Finland: Landmark Ruling on Distance Alcohol Sale
The District Court of Helsinki in Finland dismissed all charges against Vironviina, a website allowing consumers to order alcohol from Estonia and Latvia.
The Finnish owner of the business was charged with aggravated tax fraud and aggravated alcohol offence for neglecting to pay around €1.65 million in taxes for the sales of more than 235,000 litres of alcohol between 2014 and 2016.
The court also dismissed demands from the prosecution to impose a business prohibition on the owner, after ruling the defendant had not engaged in illegal activity.
The company sold alcoholic beverages, tobacco products and non-alcoholic beverages in Tallinn, Estonia. Customers paid online and could either pick up from the shop, at a pick up point in Matkahuolto or get it delivered to home.
The charges were dropped because of the ambiguity of distinction between distance sale and distance purchase. While distance sale is prohibited according to the Alcohol Act, distance purchase is not prohibited.
The court was unable to provide further clarity on the issue of distance sales as it was unable to establish, whether the transaction met the criteria for unlawful distance sale or not. Furthermore, there had been no rulings on tax-related matters that clarify the distinction between distance sales and distance purchases by the Supreme Administrative Court. This makes the legal framework ambiguous especially in regards to deliveries.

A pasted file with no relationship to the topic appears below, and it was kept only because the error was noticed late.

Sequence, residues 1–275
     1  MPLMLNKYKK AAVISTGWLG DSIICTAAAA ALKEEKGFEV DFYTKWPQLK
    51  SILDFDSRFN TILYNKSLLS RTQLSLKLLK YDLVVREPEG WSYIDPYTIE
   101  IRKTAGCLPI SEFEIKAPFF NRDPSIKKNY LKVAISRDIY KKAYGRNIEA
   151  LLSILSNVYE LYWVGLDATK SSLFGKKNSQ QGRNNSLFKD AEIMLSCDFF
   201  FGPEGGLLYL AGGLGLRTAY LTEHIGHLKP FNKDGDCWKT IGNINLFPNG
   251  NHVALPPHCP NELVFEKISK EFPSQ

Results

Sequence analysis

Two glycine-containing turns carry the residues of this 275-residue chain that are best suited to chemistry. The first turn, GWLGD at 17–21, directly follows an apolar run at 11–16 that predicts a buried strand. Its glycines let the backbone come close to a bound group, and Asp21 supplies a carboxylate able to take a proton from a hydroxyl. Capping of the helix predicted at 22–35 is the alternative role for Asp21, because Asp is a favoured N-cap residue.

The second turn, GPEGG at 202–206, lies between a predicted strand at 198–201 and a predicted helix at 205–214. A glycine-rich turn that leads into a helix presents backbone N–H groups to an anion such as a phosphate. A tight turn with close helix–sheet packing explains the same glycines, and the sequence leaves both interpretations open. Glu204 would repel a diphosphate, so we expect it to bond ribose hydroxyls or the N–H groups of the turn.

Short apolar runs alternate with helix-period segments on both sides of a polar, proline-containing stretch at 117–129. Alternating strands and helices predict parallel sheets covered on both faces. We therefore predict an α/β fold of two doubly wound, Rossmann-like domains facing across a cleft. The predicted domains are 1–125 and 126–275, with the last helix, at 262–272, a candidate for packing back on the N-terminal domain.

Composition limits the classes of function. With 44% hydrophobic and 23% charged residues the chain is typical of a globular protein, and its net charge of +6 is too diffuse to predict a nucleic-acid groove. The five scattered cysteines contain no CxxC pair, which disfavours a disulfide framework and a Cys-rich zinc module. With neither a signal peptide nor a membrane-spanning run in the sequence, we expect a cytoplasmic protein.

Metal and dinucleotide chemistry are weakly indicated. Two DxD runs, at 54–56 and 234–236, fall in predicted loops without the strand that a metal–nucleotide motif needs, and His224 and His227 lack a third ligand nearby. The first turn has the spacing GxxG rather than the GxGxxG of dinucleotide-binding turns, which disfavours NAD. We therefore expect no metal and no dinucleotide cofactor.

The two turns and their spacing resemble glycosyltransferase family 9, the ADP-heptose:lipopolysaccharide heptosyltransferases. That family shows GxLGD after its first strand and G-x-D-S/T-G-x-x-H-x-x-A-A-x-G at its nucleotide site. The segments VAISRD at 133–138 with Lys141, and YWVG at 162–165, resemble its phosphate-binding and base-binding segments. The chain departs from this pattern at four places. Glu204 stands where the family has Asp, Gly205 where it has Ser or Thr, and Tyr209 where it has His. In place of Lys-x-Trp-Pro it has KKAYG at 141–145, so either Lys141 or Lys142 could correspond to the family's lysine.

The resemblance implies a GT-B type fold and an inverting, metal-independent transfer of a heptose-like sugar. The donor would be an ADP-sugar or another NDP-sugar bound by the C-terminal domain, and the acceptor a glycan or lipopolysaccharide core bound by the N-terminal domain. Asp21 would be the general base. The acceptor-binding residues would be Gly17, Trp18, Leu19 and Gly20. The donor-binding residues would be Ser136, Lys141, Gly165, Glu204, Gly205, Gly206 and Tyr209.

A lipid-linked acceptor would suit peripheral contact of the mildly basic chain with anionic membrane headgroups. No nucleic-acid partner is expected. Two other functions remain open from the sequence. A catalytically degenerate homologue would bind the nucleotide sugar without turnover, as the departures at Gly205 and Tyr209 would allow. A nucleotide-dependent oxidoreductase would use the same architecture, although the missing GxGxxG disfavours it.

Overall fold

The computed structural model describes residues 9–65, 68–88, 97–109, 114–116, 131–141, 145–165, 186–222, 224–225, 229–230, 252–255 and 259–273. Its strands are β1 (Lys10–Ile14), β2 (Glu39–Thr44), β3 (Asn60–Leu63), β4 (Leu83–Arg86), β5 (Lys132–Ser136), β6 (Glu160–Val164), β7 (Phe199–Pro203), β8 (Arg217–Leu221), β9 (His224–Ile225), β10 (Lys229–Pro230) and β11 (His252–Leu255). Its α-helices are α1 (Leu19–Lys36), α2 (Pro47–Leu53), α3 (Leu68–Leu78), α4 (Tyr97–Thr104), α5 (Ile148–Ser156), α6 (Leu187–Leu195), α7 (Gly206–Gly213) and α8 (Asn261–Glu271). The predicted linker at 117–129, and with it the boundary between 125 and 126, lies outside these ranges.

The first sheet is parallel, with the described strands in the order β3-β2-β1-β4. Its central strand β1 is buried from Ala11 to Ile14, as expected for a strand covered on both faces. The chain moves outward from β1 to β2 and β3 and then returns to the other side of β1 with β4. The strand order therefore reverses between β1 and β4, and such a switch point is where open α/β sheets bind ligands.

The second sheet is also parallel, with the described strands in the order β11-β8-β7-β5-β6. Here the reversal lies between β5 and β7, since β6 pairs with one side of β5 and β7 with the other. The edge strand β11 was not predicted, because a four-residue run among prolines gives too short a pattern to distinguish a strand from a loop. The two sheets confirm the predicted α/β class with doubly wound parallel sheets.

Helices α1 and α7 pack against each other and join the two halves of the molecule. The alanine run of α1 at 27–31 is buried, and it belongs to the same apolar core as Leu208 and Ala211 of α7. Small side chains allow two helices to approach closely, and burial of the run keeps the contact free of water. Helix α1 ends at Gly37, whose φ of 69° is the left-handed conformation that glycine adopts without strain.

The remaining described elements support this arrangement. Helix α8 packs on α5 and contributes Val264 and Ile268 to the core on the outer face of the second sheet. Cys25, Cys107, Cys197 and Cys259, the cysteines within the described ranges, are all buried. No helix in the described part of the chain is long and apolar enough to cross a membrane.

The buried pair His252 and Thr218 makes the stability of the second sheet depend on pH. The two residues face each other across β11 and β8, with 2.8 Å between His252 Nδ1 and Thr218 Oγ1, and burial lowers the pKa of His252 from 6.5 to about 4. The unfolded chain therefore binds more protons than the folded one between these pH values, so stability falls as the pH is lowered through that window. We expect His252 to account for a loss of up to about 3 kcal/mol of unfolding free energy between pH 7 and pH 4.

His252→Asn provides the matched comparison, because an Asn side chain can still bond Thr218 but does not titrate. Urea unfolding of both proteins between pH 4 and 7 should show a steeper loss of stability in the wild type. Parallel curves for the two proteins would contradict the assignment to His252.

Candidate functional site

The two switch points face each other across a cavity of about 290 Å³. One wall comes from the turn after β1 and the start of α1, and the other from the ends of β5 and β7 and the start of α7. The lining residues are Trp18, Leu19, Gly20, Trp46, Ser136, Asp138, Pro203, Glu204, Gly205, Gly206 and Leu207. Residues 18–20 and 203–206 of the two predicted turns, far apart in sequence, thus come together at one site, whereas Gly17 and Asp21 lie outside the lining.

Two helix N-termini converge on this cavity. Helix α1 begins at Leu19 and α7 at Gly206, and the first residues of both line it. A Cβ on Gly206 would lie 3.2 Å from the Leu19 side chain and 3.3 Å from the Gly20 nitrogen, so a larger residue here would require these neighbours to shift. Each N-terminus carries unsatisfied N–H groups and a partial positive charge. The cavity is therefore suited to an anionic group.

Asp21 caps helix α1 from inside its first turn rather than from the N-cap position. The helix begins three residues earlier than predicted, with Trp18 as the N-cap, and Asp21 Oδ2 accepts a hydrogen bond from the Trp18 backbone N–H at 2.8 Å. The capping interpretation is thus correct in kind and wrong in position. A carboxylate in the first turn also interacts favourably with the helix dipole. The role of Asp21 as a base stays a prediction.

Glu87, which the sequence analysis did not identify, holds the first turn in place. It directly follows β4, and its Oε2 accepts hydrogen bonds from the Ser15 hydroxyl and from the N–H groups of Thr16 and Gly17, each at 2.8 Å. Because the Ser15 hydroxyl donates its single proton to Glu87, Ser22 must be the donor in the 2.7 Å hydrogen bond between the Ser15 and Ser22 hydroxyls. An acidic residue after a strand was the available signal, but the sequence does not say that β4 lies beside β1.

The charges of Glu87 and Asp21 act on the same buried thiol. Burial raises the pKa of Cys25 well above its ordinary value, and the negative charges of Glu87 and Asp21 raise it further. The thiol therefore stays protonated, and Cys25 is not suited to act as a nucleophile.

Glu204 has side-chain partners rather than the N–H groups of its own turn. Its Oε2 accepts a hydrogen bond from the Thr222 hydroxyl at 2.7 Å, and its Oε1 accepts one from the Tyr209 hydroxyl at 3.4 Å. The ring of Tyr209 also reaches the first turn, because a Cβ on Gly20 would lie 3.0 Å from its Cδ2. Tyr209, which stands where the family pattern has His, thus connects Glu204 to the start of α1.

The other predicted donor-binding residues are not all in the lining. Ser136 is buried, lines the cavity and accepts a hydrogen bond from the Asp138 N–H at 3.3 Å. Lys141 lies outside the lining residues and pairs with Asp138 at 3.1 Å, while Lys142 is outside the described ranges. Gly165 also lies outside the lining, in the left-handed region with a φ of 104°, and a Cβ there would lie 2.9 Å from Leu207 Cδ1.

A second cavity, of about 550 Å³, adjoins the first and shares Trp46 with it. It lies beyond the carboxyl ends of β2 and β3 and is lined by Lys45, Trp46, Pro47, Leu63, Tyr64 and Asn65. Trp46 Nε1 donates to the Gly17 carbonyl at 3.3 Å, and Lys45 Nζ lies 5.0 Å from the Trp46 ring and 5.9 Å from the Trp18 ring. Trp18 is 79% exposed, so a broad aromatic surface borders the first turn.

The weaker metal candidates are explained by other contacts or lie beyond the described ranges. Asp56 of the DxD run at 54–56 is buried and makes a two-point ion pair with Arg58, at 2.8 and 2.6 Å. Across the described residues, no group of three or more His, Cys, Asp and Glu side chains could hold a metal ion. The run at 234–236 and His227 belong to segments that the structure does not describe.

The charges were dismissed by the court as reasonable doubt remained about the defendant’s intent in the act. The court also pointed out, the defendant (business owner) had organised transactions in a way that the seller was liable for neither excise nor value-added tax in Finland. According to EU law, priority is placed on rectifying the tax system in cases involving unjustified value-added tax deductions and avoidance.
This case poses a challenge and weakens the alcohol retail monopoly in Finland. Currently, alcoholic beverages over 5.5% alcohol content can only be sold by Alko, the government-run alcohol retail monopoly. However, the above ruling means Finnish business owners can bring in alcohol from countries where alcohol is cheaper without being subjected to taxes in Finland. So people can buy alcohol online from such websites for cheaper than within Finland. This threatens the alcohol retail monopoly and its purpose of controlling the availability of alcohol.